Ah well. I just soldered ordinary sockets into both locations. Didn’t need that filed-down ZIF after all.

I fixed the error in the footprint assignments and went back into the PCB designer to change the layout appropriately. It didn’t take much – just a few traces needed re-routing. The two chips have identical pinouts. While I was there, I changed the pads in the footprint for the ZIF socket so I won’t have to do any filing in the future.

And the revision allowed me to make one change that pleased me. On the original layout, two of the ICs (the 6502 and the 74HC00) face in one direction and the RAM and EEPROM in the other. On the revised board I was able to turn the 74HC00, so now most of the chips face the same way.

The big one

The main processor board populated. Hmm, what’s that brown stain?

Once everything was soldered into place and I’d checked my solder joints for shorts (none!), I powered up the board without any chips inserted as an initial smoke test.

No smoke.

Okay. Then I plugged in the chips and tried again. Still no smoke, but the board did seem to be drawing a lot of power.

I fired up the oscilloscope and searched for signs of life. The clock signal was all over the place. I buzzed out connections. And then I noticed something ominous.

Some time earller, I’d put a sticky label on the 6502 CPU chip and marked most of the important pins. The centre of this label was turning a disturbing shade of brown. A quick poke with a finger confirmed it was hot. Very hot.

I pulled the power and looked for the source of the problem. With the multimeter still in continuity mode I quickly discovered that the VCC pin on the chip was connected to GND on the backplane connector – and vice versa.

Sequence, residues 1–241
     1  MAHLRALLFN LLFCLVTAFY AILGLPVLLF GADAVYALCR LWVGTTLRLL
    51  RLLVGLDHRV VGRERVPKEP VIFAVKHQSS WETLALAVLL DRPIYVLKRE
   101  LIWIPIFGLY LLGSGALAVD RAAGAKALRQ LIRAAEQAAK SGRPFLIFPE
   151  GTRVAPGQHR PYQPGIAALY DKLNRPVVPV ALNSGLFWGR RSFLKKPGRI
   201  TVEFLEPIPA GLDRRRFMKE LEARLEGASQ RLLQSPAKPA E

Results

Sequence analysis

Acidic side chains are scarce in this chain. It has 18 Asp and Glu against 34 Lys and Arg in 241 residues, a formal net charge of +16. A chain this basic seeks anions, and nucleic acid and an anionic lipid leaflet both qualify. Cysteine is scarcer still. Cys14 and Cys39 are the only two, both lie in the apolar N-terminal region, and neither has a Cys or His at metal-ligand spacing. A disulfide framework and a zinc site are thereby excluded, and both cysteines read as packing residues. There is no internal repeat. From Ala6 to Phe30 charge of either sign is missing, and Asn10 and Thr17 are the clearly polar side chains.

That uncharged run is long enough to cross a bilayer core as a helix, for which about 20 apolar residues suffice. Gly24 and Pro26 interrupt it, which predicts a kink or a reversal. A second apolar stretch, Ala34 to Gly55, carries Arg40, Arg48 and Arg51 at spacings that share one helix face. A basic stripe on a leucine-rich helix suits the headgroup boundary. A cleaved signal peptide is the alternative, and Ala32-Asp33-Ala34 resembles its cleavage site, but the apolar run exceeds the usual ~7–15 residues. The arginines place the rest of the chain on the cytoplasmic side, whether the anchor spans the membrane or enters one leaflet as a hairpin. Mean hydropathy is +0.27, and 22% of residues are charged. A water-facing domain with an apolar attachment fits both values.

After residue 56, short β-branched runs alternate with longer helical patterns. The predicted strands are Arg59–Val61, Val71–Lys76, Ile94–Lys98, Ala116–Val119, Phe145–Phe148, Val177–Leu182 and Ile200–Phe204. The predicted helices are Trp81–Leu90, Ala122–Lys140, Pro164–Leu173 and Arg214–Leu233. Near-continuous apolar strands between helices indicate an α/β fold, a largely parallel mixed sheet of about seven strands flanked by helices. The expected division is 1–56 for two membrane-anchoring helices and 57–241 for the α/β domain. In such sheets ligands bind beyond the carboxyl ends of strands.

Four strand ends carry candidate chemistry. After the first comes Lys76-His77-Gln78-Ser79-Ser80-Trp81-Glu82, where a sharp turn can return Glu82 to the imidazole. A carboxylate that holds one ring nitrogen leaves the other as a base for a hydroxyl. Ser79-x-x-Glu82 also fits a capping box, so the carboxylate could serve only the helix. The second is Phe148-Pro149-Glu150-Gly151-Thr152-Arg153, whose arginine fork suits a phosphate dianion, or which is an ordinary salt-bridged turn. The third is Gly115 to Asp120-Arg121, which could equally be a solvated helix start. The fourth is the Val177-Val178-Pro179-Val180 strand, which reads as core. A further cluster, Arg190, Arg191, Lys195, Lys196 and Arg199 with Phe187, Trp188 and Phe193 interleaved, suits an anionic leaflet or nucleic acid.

Had I screwed up the backplane connections? Maybe got them upside down?

I checked the connections from the other chips and various strategic places on the board to the VCC and GND lines on the connector. They were all connected as expected. It was just the 6502 that was wacky.

That can’t be good.

I went back to the schematic and then back to the datasheet for the 6502 – and that’s where I found my error.

I’d drawn up my own symbol for the 6502 in KiCad. And I’m in the habit of using the names VCC for the power and GND for, well, the ground. But the datasheet uses VDD for power and VSS for ground. And I’d mixed up these two connections. Gah!

I’d reversed the polarity of the power connections to the 6502. Chips don’t like that sort of thing. They get angry. And hot. And most likely dead.

I fixed my symbol. Then I reworked the PCB layout again. This time it was a slightly tougher revision.

I’ve ordered new boards from JLCPCB, which will probably take about two weeks to arrive.

Ah well. Another learning experience. The question now is what to do with the other four copies I have of this board. I’m thinking of combining them with my other version 1 PCBs in some sort of mosaic.